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I submitted my resume and never got an interview…

It happens. You saw the perfect job posted and you submitted your resume. You never even got the interview.

What happened?

Any number of things could have happened – but the most likely thing – is that in the flood of resumes that came in from the job posting – your resume didn’t look as perfect for the job posting as other resumes did to either the recruiter or the hiring manager.

The next time you see a perfect job – one you really want – there are things you can do to increase the odds your resume is selected. They aren’t difficult – they are however time consuming.

First things first – you are going “Old School” and printing that job posting and grabbing a few highlighters of different colors. You want to highlight the “MUST haves” one color, “like to haves” another color – and if there are any “in a perfect worlds” in a third color. Yes – the job posting looks a hot mess right now. That’s ok.

The next thing you need to do is print a draft copy of your current resume. Grab those same three highlighters and go through all the jobs and experiences you have documented – for the “Must haves”, “like to haves” and “in a perfect worlds.”

So – now that you have done it – how does it look? Is it so clear that ANYONE who has never done the actual work (ie – an entry level HR intern who might be the person screening resumes) can read your resume and make clear positive linkages between your experiences on paper and the role description as it exists – without any additional knowledge?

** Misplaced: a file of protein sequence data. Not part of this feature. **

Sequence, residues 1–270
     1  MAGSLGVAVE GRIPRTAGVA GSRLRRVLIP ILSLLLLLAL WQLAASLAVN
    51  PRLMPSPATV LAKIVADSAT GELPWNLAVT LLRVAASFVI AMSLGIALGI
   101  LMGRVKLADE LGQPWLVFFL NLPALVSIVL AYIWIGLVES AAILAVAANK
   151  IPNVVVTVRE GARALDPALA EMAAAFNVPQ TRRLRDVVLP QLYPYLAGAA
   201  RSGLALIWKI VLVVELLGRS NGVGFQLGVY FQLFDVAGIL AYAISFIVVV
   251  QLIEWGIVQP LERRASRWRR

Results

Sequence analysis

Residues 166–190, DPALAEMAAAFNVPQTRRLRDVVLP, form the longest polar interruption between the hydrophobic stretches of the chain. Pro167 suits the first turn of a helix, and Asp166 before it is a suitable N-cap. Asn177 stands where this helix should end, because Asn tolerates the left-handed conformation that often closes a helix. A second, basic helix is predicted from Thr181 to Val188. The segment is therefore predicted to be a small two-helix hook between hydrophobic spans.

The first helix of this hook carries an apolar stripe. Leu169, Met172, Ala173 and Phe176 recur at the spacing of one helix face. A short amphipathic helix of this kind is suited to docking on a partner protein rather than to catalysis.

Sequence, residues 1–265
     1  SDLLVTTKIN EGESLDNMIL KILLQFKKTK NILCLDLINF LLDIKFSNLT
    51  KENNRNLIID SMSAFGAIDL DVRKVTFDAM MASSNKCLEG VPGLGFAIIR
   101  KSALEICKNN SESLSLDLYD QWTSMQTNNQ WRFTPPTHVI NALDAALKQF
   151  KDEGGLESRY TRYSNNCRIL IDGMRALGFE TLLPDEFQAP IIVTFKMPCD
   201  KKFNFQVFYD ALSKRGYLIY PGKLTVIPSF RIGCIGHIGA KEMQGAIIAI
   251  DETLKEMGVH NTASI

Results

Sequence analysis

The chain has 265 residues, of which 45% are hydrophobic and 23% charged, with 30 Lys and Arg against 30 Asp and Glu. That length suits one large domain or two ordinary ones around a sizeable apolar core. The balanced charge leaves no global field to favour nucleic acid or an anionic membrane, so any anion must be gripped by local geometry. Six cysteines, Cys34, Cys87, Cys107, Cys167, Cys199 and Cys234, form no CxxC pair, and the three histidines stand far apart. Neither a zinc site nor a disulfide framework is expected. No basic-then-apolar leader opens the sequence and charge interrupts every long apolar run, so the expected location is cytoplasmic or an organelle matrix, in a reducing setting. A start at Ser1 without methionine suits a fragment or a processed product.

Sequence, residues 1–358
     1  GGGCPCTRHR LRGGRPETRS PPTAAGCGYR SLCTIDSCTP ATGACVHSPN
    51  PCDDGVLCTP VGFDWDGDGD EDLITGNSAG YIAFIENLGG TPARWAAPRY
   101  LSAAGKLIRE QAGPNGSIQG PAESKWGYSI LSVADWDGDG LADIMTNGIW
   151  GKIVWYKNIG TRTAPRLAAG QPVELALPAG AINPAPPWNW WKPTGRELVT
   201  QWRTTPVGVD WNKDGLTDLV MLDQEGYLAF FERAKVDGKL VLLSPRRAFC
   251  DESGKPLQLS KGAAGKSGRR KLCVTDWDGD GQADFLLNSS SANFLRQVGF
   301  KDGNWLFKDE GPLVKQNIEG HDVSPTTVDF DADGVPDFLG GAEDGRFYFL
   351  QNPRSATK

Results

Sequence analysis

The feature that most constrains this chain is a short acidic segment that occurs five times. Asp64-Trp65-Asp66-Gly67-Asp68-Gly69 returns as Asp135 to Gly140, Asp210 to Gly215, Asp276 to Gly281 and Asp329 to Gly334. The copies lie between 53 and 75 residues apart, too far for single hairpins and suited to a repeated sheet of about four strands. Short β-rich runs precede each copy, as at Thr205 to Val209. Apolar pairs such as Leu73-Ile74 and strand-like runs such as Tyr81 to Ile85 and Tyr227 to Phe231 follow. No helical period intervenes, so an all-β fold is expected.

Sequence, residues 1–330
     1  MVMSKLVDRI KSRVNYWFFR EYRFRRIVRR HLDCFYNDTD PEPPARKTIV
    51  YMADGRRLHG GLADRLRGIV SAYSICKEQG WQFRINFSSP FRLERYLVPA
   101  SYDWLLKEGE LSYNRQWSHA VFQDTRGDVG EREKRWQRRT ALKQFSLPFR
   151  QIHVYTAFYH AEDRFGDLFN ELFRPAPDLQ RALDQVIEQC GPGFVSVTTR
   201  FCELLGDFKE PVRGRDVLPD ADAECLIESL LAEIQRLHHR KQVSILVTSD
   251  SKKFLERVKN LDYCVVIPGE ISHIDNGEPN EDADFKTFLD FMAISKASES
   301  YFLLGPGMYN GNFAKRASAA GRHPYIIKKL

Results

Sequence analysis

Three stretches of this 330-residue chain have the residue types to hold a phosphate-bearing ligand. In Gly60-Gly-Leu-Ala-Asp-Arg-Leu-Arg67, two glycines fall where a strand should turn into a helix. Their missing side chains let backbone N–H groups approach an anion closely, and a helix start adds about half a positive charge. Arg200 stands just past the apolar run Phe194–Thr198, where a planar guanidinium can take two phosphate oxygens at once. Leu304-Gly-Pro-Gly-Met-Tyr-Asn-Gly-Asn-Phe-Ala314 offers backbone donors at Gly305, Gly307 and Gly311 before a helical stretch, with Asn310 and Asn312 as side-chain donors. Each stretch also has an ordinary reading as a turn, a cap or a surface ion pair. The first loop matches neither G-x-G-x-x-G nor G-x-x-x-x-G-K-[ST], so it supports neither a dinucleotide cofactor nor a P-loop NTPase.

No? Ok. You have some work to do starting with a cardinal rule. Don’t lie on a resume. Ever. But you may have either left professional experiences off your resume that do match tasks required in the job requisition – in which case – add them back in wherever you have forgotten to add them or edited them out due to space.

Now look at that resume again with your highlighters in hand. Is it NOW clear how you match this role? You want to think of this as “Resume to Requisition Requirements for Dummies”. Not because the manager or the recruiter is a Dummy – but because you are going to be one of tens of resumes at a minimum and hundreds worst case.

You want to make this as easy as possible for them to rule you in – not rule you out.

Is this something you will do for every role? Probably not. This is something you do for the roles you WANT. The one’s you read and you think – I am *that* person. I want *that* job. More than anything. You might want it because it’s your dream job. Maybe because you really want to work for that employer. Or realistically – sometimes because you just need that job at that rate of pay – NOW.

When you really *want* the job – taking the time to spell out exactly why you match this role description is the right thing to do. It dramatically increases the odds you will get a call back for an interview. Do you really want this job? Or are you just sending in a resume file to cover your bases? If you don’t really care – just send in that Word document and roll the dice.


Do you have questions about interviewing or recruiting you want to ask Michele? Feel free to submit one!